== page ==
On January 21, the U.S. Court of Appeals for the Fourth Circuit upheld Virginia’s Certificate of Need (CON) laws, ruling that the scheme does not illegally discriminate against out-of-state health care providers. See Colon Health Ctrs. v. Hazel, No. 14-2283 (4th Cir. Jan. 21, 2015).

In Virginia, and the 35 other states with CON laws, health care facilities are required to obtain government approval before establishing or expanding certain medical facilities and undertaking major medical expenditures. CON laws require applicants to show sufficient public need for the expenditure in question and thereby attempt to reduce healthcare costs by preventing excess capacity and unnecessary duplication of services and equipment.

The plaintiff-appellants in the case were two out-of-state outpatient providers that sought to open facilities to provide medical imaging services in Virginia. Their request for a CON for new CT scanners and MRI machines was denied. The plaintiff-appellants subsequently challenged the laws as putting an undue burden on interstate commerce in violation of the dormant commerce clause. The Fourth Circuit affirmed the district court’s ruling that the CON requirement neither discriminated against nor placed an undue burden on interstate commerce because both in-state and out-of-state providers were required to abide by the CON requirement.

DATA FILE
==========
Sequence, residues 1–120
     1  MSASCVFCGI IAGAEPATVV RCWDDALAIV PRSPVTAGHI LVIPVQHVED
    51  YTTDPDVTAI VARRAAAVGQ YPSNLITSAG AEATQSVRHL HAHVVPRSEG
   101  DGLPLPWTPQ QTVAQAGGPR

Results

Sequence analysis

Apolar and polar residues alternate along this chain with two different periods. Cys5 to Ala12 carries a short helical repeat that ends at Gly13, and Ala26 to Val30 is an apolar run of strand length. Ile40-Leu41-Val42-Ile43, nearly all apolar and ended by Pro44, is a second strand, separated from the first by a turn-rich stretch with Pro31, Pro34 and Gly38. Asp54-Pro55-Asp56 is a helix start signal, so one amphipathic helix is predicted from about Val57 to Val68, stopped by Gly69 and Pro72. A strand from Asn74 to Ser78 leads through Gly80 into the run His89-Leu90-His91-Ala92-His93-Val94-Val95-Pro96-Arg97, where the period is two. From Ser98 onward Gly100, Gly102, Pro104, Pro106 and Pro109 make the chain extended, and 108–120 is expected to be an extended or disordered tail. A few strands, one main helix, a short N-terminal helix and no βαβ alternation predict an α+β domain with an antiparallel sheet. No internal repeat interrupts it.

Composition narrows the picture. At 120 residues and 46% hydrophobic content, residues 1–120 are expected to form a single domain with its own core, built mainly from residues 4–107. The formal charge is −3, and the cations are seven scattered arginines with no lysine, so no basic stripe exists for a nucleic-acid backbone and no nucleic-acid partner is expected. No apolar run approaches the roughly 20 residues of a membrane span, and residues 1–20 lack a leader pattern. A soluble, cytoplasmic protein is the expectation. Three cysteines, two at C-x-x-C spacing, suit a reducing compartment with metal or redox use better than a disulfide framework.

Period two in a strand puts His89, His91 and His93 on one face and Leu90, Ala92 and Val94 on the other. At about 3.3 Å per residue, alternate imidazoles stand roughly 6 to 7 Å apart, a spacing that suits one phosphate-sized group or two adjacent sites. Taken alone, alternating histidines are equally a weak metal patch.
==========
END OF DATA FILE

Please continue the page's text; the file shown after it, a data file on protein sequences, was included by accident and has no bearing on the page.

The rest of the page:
Previously, in October 2015, the Federal Trade Commission (FTC) and U.S. Department of Justice’s Antitrust Division (DOJ) issued a joint statement urging Virginia to consider changes to its CON laws. Both agencies argued that CON requirements create significant competitive concerns by suppressing supply and misallocating resources. Moreover, FTC and DOJ said the requirements have not been shown to lower costs or improve the quality of care for consumers. The agencies said that CON requirements can hinder “the efficient functioning of health care markets” by allowing an existing provider to file challenges to prevent or delay competition from a rival. Additionally, they may enable anticompetitive agreements among providers to pursue CON approval for separate services. The Fourth Circuit’s recent opinion may lessen the likelihood that the FTC or DOJ would separately challenge Virginia’s CON laws, but the agencies are likely to remain active in speaking out against CON requirements in Virginia and elsewhere.